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Publication numberUS6112809 A
Publication typeGrant
Application numberUS 08/891,531
Publication dateSep 5, 2000
Filing dateJul 11, 1997
Priority dateDec 2, 1996
Fee statusPaid
Also published asUS6431270
Publication number08891531, 891531, US 6112809 A, US 6112809A, US-A-6112809, US6112809 A, US6112809A
InventorsColin M. Angle
Original AssigneeIntelligent Inspection Corporation
Export CitationBiBTeX, EndNote, RefMan
External Links: USPTO, USPTO Assignment, Espacenet
Downhole tools with a mobility device
US 6112809 A
Abstract
The present invention provides a system for performing a desired operation in a wellbore. The system contains a downhole tool which includes a mobility platform that is electrically operated to move the downhole tool in the wellbore and an end work device to perform the desired work. The downhole tool also includes an imaging device to provide pictures of the downhole environment. The data from the downhole tool is communicated to a surface computer, which controls the operation of the tool and displays pictures of the tool environment. Novel tactile sensors for use as imaging devices are also provided. In an alternative embodiment the downhole tool is composed of a base unit and a detachable work unit. The work unit includes the mobility platform, imaging device and the end work device. The tool is conveyed into the wellbore by a conveying member. The work unit detaches itself from the base unit, travels to the desired location in the wellbore and performs a predefined operation according to programmed instruction stored in the work unit. The work unit returns to the base unit, where it transfers data relating to the operation and can be recharged for further operation.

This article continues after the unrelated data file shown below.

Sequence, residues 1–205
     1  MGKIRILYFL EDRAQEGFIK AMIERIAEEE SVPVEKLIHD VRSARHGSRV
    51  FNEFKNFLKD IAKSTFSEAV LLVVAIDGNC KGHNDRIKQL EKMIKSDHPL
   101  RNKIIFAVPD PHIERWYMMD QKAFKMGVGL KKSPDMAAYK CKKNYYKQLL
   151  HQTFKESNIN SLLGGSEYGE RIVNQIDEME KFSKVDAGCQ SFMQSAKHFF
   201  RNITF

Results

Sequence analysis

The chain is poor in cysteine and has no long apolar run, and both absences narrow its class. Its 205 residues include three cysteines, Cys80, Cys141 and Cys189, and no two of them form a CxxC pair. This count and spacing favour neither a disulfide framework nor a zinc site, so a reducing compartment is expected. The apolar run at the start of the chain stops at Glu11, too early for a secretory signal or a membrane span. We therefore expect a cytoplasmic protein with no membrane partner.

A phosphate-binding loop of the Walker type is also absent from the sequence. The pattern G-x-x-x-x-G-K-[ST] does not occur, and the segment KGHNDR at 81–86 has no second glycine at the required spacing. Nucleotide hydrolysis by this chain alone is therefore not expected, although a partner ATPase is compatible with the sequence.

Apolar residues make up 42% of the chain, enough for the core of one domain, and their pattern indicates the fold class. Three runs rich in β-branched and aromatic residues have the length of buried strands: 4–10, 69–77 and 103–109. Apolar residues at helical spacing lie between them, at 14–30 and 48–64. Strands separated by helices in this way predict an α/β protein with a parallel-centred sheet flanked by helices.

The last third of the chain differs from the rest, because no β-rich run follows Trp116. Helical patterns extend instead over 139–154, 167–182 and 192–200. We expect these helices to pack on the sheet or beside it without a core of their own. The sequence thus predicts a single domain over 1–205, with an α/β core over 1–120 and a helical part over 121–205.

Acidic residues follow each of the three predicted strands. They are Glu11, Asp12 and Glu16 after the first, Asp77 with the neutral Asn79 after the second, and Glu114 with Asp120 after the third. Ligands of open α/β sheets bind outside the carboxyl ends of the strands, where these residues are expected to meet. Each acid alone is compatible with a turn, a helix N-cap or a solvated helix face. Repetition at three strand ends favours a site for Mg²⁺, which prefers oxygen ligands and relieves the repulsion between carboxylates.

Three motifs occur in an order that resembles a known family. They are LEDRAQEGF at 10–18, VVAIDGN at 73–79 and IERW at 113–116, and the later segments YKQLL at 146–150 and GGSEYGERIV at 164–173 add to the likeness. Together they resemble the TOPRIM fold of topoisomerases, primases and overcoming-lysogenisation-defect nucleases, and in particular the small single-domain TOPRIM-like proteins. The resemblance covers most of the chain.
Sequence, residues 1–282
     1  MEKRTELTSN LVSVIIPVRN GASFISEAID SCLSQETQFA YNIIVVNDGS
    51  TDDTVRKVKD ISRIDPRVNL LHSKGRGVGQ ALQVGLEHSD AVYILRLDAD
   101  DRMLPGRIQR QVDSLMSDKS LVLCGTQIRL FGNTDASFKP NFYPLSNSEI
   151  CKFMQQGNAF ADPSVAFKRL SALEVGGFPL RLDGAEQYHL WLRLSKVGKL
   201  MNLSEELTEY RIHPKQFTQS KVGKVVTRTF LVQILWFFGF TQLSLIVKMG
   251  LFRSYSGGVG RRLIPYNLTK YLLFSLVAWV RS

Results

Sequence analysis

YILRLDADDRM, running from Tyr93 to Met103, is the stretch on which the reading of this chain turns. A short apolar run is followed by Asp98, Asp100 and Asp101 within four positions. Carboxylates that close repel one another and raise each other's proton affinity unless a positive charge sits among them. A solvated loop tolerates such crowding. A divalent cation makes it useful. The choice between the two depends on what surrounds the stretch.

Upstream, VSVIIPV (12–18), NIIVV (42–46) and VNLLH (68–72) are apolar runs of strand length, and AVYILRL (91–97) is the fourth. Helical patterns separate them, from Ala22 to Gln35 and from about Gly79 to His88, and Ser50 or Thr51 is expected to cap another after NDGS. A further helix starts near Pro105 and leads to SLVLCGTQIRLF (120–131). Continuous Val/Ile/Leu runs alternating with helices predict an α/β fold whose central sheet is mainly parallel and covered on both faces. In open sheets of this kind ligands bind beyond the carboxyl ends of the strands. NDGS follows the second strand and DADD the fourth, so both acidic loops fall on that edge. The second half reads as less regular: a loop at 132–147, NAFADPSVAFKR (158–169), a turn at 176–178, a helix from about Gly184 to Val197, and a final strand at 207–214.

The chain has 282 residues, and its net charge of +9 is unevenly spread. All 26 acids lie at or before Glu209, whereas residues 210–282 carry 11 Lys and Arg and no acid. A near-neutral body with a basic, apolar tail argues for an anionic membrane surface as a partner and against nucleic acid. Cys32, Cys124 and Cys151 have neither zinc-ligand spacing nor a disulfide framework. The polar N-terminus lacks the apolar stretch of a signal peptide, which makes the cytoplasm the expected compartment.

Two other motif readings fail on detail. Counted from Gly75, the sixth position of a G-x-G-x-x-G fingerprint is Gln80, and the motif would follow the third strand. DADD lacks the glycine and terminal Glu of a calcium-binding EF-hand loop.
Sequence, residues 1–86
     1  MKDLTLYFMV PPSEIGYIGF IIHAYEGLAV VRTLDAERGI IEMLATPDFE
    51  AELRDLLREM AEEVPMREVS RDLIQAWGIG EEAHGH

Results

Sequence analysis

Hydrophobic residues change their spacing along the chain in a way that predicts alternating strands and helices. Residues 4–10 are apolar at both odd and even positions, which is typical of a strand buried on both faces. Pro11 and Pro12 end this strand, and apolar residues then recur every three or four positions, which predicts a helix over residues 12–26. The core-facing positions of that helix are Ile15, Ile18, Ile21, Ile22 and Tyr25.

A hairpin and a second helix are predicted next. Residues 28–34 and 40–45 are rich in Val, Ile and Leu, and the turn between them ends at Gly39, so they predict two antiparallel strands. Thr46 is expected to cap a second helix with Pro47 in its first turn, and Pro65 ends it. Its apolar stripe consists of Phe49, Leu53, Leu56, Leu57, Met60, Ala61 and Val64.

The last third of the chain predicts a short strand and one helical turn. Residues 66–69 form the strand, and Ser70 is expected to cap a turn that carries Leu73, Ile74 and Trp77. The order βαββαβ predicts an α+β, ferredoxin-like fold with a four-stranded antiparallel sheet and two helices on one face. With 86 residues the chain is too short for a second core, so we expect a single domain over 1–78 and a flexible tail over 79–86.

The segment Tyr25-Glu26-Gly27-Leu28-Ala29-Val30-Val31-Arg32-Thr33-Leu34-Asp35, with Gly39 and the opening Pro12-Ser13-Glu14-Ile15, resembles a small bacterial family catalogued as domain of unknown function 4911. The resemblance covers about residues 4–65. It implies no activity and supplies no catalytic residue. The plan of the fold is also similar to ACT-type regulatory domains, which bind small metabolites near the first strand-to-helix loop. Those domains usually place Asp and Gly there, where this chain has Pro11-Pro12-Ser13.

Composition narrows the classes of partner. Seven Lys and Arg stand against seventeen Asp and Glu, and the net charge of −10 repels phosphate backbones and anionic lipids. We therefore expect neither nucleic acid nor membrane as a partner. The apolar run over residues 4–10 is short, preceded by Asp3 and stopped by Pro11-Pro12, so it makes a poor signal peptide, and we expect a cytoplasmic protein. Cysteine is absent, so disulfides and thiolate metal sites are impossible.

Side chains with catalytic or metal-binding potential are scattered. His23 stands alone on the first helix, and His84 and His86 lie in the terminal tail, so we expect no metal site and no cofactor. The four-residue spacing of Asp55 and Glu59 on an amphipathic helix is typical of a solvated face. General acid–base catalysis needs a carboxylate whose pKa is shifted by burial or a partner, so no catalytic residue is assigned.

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Claims(19)
What is claimed is:
1. A tool for performing a desired operation at a selected work site in a wellbore, comprising:
A. a mobility device carried by the tool for moving the tool in the wellbore;
B. a tactile imaging device carried by the tool for providing an image of the selected work site for use in performing the desired operation; and
C. an end work device carried by the tool for performing the desired operation at the selected work site in the wellbore.
2. The tool according to claim 1, wherein the imaging device includes:
i. a rotatable segment that is adapted to rotate about a longitudinal axis of the tool; and
ii. a probe carried by said rotatable segment, said probe being biased to extend outward of the tool to make contact with the wellbore inside in an extended position.
3. The tool according to claim 2, wherein the imaging device includes a motor that is adapted to rotate the rotatable segment at a speed selected from a range of speeds.
4. The tool according to claim 2, wherein the imaging device includes a circuit and a program that determines the position of an end of the probe relative to a selected point on the tool while the probe is rotating.
5. The tool according to claim 1, wherein the imaging device includes:
i. a base that is adapted to rotate about a longitudinal axis of the tool; and
ii. a probe carried by the base, said probe adapted to extend longitudinally from the tool when placed at a downhole end of the tool.
6. The tool according to claim 5, wherein the probe includes a pivot arm attached to the base and a probe arm pivotly attached to the pivot arm.
7. The tool according to claim 6, wherein the pivot arm is adapted to rotate about the base and the probe arm is adapted to rotate about the pivot arm.
8. The tool of claim 1 wherein the tool further includes a transmitter for transmitting signals to a surface location that is selected from the group comprising an electromagnet transmitter, a fluid acoustic transmitter, a tubular fluid transmitter, a mud-pulse transmitter, a fibre optics transmitter and a conductor wire transmitter.